The Calcutta High Court on Tuesday stayed the withdrawal of Central Armed Paramilitary Forces (CAPF) from Darjeeling hills, the scene of unrest over the statehood demand, till October 27, in a relief to the West Bengal government.
Hearing a plea by the state against the Centres decision to withdraw CAPF from Darjeeling and Kalimpong districts, a division bench of Justices Harish Tandon and Debangshu Basak ordered an interim stay.
It asked the state government to move a regular bench of the high court when it reopens on October 23 after the Diwali holidays.
Appearing for the state, Advocate General Kishore Dutta prayed for status quo on the deployment of the forces. Altogether 15 companies of CAPF are deployed in the area. He said the matter would be mentioned before the Chief Justice on the first PIL day after the court reopens. The PILs are generally heard on a Friday.
He referred to the killing of a police officer a few days ago when Bimal Gurung-led Gorkha Janmukti Morcha supporters fired at the security forces hunting for him, to buttress the state governments claim about the need for continued deployment of CAPF.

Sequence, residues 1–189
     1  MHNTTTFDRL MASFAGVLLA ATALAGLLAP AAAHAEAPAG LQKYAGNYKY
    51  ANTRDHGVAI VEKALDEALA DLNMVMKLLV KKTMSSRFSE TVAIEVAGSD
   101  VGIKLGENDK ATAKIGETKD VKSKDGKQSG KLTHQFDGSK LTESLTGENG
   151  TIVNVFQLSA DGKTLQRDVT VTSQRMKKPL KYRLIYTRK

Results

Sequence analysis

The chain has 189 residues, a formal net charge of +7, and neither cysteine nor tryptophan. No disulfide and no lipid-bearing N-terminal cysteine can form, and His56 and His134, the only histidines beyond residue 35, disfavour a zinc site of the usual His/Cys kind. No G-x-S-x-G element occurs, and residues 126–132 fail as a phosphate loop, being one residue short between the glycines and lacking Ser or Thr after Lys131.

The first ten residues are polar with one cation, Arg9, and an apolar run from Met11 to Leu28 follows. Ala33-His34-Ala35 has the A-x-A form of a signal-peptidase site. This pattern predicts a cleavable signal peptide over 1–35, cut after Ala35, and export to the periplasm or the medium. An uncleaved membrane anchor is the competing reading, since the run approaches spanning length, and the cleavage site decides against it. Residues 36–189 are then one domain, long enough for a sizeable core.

The high court had while hearing a PIL on July 14 directed the Centre to deploy four more companies of CAPF in addition to the 11 already present in the hills then.
The advocate general submitted that as the deployment was made following an order of the high court, which had also been endorsed by the Supreme Court the same day on another petition before it, the Centre cannot withdraw the forces unilaterally without the permission of the court.
The vacation bench on Tuesday directed the Centre to file an affidavit in response to the state government’s plea by October 23. It asked the state government to file its reply to the Centres affidavit by October 26.
The West Bengal government had written to the Centre seeking extended deployment of CAPF till December 25, but was told that out of the 15 companies present, 10 would be withdrawn on October 15 and the rest by October 20.
Bipul Kundalia, counsel for the central government, claimed that the situation in Darjeeling hills had improved compared to what it was in July when the order on deployment of paramilitary contingents had been passed by the high court.